‘God is Great, I bear witness that there is no god except the One God,’ says the Muslim call to prayer. It echoes the Jewish proclamation: ‘Hear, O Israel: The Lord our God, the Lord is one,’ (Deuteronomy 6:4).
As Christians, we bear witness that there is one creator God. Of course, there are differences in our faiths—for us, God is our Father. Jesus is both God, and the path to God. These truths are indelibly written on our hearts, so we need not be threatened by other understandings of God.
So I was moved that, as a nation, we turned to God in prayer before our two minutes of silence—it was an opportunity to acknowledge and honour our Atua God, within the darkness of the hour.
Like many, I attended my local mosque for the ceremony, and was greeted by hugs from the Islamic women present. It was another moment of beauty, within the ashes.
As I’ve seen relatives of the shooting victims publicly forgiving the killer, and spreading messages of love and unity, I have reflected on how—as a Christian—I have sinfully focused on the differences in our faith, rather than our shared humanity.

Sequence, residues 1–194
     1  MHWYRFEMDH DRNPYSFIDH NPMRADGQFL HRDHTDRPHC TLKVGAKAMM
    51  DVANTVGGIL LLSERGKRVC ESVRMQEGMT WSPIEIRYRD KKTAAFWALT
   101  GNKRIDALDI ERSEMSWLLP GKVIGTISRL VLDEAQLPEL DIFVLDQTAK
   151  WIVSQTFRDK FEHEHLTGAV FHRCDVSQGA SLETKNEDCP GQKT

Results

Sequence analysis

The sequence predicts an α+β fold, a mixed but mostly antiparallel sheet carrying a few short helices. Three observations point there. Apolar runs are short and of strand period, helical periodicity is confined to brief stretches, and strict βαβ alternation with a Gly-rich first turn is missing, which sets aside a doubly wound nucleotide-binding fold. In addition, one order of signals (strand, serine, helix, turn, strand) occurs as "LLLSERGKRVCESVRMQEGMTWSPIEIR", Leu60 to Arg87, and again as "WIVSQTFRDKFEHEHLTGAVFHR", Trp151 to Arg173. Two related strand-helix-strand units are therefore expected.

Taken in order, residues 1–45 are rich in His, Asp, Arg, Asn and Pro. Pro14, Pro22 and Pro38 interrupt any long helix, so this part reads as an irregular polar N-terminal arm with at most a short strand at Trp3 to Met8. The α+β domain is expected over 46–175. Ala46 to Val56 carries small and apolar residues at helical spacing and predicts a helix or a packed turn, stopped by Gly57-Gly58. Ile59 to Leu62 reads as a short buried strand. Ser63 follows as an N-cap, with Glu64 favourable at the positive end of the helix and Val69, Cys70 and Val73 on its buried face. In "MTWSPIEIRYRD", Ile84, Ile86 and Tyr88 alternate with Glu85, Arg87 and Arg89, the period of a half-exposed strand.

God’s story is one of drawing all people to him—the Bible is full of outsiders welcomed in as part of God’s family: from Ruth and Rahab, to the Samaritan, slave and tax collector. May we no longer treat people as ‘other’, when God calls us all to himself.
In our feature, Tim Harper talked about creating a ‘community of offering’. This is the offering that God requires: to act justly, love mercy and walk humbly with your God (Micah 6:8). Let this be the kind of offering we each, in our own way, bring to God during these days.
Hebrews 13:16 (BBE)
But go on doing good and giving to others, because God is well-pleased with such offerings.
Ngā Hiperu 13:16
Kei wareware hoki ki te mahi pai, ki te atawhai: e manakohia ana hoki e te Atua ngā patunga tapu pera.